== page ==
Recognized as the top designation in Canada CPESC® certification represents many disciplines and specialties that work to produce site-specific plans and designs that comprehensively address current and potential erosion and sedimentation issues with practices and measures that are cost effective, understandable and that meet environmental and regulatory requirements. CPESC registrants meet educational and practical experience standards, subscribe to the code of ethics, pass a rigorous qualifying exam and maintain expertise through a continuing professional development program. CPESC is recognized across Canada, the United States and all countries.
To learn more about the CPESC program requirements, please download the Scope of Practice below.
If your team works on landscapes that involve land disturbances, land development and land management then incorporation of a CPESC on your team is a smart move. While working on sites like subdivisions, commercial sites, parks, other recreational areas, mixed use developments, highways, transmission lines (power, oil, and gas), farms, forests and surface mines CPESC team members are a resource which ensures your projects will: run according to regulation, be permitted efficiently and perform exceptionally. CPESC qualification identifies professionals who have a high-level of experience and technical knowledge. The program is significantly difficult and so reliant on collection of experience that a CPESC-IT (in training) designation has been established. This IT designation identifies professionals who are on the path to certification but who have the need for continued experience and professional development before they can achieve CPESC certification.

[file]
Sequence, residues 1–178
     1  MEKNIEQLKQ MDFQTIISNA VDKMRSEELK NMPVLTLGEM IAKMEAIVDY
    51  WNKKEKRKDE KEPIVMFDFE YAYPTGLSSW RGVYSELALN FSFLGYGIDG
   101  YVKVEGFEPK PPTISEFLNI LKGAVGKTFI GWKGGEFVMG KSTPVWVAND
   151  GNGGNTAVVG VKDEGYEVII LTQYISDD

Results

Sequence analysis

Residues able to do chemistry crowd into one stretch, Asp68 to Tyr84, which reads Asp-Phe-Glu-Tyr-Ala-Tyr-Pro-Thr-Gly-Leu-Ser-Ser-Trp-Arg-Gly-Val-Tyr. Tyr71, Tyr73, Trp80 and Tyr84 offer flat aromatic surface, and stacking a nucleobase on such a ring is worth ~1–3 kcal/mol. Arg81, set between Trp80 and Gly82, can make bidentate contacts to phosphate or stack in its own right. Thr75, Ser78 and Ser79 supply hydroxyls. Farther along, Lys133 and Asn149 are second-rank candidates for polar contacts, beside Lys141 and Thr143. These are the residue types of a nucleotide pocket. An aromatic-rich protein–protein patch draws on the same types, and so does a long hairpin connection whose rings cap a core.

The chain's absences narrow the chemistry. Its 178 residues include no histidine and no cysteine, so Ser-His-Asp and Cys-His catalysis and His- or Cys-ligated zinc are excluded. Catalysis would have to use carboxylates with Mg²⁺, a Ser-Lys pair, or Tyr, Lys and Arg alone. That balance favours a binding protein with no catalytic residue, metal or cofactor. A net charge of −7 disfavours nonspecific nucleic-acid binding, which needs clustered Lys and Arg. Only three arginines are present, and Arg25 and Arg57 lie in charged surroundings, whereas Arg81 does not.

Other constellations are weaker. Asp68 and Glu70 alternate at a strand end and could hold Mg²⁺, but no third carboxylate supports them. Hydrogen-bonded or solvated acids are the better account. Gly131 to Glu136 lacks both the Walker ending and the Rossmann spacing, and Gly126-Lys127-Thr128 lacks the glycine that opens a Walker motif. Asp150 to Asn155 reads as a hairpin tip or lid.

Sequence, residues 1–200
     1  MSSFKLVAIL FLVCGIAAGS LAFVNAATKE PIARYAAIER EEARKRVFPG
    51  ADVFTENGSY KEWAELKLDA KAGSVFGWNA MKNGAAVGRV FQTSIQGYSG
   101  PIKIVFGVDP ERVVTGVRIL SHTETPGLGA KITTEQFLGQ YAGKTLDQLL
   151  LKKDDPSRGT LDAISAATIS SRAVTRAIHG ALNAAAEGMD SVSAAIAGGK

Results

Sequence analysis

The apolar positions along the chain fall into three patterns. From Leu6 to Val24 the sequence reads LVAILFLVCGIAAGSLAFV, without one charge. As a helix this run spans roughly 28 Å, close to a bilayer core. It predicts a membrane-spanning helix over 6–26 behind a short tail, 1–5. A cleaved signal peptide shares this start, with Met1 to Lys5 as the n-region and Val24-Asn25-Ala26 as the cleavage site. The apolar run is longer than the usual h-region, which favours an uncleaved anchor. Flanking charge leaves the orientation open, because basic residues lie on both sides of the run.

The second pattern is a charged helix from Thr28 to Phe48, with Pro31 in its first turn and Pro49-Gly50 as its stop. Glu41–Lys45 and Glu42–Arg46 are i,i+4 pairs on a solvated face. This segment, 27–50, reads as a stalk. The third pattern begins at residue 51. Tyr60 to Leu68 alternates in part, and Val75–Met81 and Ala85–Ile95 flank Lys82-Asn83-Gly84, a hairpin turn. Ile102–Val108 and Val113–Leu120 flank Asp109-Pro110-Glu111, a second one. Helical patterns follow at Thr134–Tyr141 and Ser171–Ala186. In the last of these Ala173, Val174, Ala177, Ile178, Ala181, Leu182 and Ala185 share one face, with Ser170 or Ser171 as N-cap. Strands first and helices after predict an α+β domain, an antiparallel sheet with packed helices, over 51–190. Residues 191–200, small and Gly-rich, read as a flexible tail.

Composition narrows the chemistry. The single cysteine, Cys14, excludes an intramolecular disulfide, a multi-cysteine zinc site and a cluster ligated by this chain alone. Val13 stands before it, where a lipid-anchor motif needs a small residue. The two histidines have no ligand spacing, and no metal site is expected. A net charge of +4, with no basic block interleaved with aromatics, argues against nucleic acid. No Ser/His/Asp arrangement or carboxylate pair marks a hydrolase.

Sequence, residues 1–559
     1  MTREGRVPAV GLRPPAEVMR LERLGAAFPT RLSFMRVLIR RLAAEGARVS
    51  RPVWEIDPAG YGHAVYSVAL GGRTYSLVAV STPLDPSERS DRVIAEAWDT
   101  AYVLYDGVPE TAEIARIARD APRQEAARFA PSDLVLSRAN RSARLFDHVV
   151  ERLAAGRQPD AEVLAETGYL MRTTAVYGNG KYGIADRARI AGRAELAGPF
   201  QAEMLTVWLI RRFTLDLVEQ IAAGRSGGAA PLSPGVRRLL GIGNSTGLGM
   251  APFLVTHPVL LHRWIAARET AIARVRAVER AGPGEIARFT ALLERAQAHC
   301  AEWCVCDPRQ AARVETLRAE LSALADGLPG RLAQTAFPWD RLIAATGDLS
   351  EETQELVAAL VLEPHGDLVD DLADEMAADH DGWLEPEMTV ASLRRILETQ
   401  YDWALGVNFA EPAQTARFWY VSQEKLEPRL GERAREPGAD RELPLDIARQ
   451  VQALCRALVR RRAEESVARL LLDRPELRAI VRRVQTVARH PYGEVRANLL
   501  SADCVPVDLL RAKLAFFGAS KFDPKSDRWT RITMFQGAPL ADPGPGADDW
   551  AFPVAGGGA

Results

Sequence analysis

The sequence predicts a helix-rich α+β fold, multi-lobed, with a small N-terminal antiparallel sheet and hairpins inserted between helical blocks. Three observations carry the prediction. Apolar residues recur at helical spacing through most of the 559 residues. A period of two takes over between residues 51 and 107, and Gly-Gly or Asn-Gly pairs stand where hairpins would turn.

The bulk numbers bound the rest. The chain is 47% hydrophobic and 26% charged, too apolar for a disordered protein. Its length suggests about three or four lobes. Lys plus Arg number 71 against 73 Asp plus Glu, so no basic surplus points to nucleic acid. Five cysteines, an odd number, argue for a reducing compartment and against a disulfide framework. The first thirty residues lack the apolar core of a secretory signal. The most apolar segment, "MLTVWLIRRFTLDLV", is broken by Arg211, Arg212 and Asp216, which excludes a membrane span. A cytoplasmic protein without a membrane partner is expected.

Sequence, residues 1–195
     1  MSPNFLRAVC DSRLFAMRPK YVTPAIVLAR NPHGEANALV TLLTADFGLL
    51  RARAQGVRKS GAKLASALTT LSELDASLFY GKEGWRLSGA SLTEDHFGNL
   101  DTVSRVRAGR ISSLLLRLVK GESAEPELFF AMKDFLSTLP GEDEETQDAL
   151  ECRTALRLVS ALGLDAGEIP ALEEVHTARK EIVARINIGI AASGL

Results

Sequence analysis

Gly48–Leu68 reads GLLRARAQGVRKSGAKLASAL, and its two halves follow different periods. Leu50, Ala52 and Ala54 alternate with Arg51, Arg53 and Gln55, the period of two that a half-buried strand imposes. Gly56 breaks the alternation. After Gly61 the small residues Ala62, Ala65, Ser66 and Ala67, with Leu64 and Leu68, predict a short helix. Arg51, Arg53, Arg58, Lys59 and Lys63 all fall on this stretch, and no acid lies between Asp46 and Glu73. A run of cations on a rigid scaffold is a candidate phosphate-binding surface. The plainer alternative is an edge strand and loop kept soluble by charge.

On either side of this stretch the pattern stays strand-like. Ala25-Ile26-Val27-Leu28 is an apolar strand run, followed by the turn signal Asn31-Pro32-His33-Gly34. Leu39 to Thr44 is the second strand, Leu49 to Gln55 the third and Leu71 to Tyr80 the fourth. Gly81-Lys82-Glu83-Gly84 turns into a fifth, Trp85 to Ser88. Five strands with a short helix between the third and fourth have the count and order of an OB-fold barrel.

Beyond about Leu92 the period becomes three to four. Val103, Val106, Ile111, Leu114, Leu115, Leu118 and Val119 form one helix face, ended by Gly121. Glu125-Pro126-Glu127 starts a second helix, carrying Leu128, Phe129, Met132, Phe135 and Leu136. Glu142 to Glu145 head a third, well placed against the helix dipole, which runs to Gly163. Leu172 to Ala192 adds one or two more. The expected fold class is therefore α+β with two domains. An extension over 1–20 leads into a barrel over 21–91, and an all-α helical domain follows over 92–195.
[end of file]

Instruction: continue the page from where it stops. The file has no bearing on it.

Certified Professionals in Erosion & Sediment Control are trained and tested on each of these subjects and have proven their proficiency on subjects including but not limited to:
Regulations – Federal, State & Local
Permitting – types, authorities and methods
Permitting application requirements for – municipalities, construction activity and industrial activity
Erosion & Sediment Site Planning and Management including: resource planning, hazards associated with urban development, land development plans, scheduling and implementation
Predicting Soil Loss – via the Revised Universal Soil Loss Equation (RUSLE) and the Modified Universal Soil Loss Equation (MUSLE)
Procedures for estimating Gross Erosion including: sheet, total and wind erosion
Runoff Management Planning and the associated equations and considerations to address: soil permeability, precipitation and hydrologic cycle
Soil Stabilization Mechanisms (Erosion Control) including: vegetation, bio-technical protection, soil tackifiers and stabilizers, turf reinforcement mats, hydraulically applied erosion control products, erosion control blankets and other related technologies.
Applications for certification require candidates to document information within four categories: